In these comments, limited as they are, there is * and ** and then all caps.
Was just reading Sadri Hassani's book! Weierstraß was a "champion beer drinker" and a first rate fencer. Almost 40 when he published his first paper.
She didn't get started late, but I do know that Alice Roth wrote an important thesis in 1938, took 35 years off from research, and then did very beautiful and influential work in complex approximation starting at age 66.
WOW. A great example and a tragic reminder of the pathetic status of women in Western Culture for most of human history.
According to this Notices article, Raoul Bott was undistinguished in high school, but displayed impressive talent once he reached graduate school (though his thesis was actually in electrical engineering, rather than mathematics).
I used to play hockey with (sometimes against) one of his former grad students -- who was a student of Bott's back when Bott was an electrical engineer. One game our teams got into a bench-clearing brawl. We skated up to each other and started talking about Morse functions on manifolds. The person I'm referring to is Dave Delchamps, at Cornell.
I don't think that Stephen Smale really distinguished himself until after graduate school.
Somewhere there's a wonderful letter of recommendation written for Smale by one of his professors at Princeton. The letter basically says (in the first sentence) that Smale didn't seem very good until his final year, when he solved several open problems. The writer then suggests his improvement might be due to his having gotten married that year. The remainder of the letter is a digression about Smale's wife. (Does anyone know where this letter appears? I can't think where I might have seen it. My best guess was Stalling's webpage, but it's not there.)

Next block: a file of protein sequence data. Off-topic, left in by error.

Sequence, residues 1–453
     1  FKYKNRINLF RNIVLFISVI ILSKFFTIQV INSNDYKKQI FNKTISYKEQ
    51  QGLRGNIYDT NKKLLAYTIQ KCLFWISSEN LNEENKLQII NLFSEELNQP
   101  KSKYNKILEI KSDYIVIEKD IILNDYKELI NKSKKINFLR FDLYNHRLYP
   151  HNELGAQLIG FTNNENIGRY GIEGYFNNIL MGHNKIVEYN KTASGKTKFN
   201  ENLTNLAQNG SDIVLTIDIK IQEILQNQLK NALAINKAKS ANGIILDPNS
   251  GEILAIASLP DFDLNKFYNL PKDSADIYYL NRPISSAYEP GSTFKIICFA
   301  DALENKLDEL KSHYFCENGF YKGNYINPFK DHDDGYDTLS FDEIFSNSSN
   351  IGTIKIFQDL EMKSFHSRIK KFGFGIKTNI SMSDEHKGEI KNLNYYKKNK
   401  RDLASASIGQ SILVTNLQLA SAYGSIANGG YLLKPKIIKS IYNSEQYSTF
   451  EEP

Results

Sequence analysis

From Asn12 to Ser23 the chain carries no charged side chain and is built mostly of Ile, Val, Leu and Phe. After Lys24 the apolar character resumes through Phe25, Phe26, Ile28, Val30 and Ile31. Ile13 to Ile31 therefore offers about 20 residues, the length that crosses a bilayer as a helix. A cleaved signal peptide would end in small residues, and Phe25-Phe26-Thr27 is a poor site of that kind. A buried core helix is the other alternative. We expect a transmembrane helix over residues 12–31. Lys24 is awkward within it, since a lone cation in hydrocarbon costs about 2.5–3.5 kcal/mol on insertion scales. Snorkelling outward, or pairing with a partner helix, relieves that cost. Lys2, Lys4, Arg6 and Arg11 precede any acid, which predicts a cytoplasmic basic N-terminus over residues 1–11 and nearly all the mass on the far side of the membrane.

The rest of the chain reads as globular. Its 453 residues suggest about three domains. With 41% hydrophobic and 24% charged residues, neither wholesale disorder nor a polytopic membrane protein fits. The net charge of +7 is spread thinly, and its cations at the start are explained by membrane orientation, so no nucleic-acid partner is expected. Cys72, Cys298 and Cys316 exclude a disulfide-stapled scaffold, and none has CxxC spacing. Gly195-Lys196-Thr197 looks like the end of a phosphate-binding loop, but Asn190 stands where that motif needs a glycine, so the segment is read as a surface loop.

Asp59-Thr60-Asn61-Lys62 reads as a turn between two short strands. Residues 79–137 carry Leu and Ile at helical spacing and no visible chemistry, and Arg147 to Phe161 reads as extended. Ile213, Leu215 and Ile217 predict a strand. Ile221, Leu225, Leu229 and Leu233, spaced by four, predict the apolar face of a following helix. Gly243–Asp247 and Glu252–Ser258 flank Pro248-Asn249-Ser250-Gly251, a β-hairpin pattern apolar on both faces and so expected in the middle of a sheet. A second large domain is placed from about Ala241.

Smale basically corroborates Ben's answer in his interview for More Mathematical People.
@dan: Smale's PhD is from Michigan -- perhaps you were thinking of the letter from Ray Wilder that appears at the bottom of the page here, and mostly on the top of the next page: http://books.google.co.uk/books?id=MJ22fDnalXEC&;lpg=PA37&ots=PbP5jaTaQM&dq=stephen%20smale%20wife%20letter&pg=PA37#v=onepage&q&f=false The book is "Stephen Smale: the mathematician who broke the dimension barrier" vy Steve Batterson
The letter from Wilder is also available on the 4th page of this pdf file from the Notices http://www.ams.org/notices/200311/comm-batterson.pdf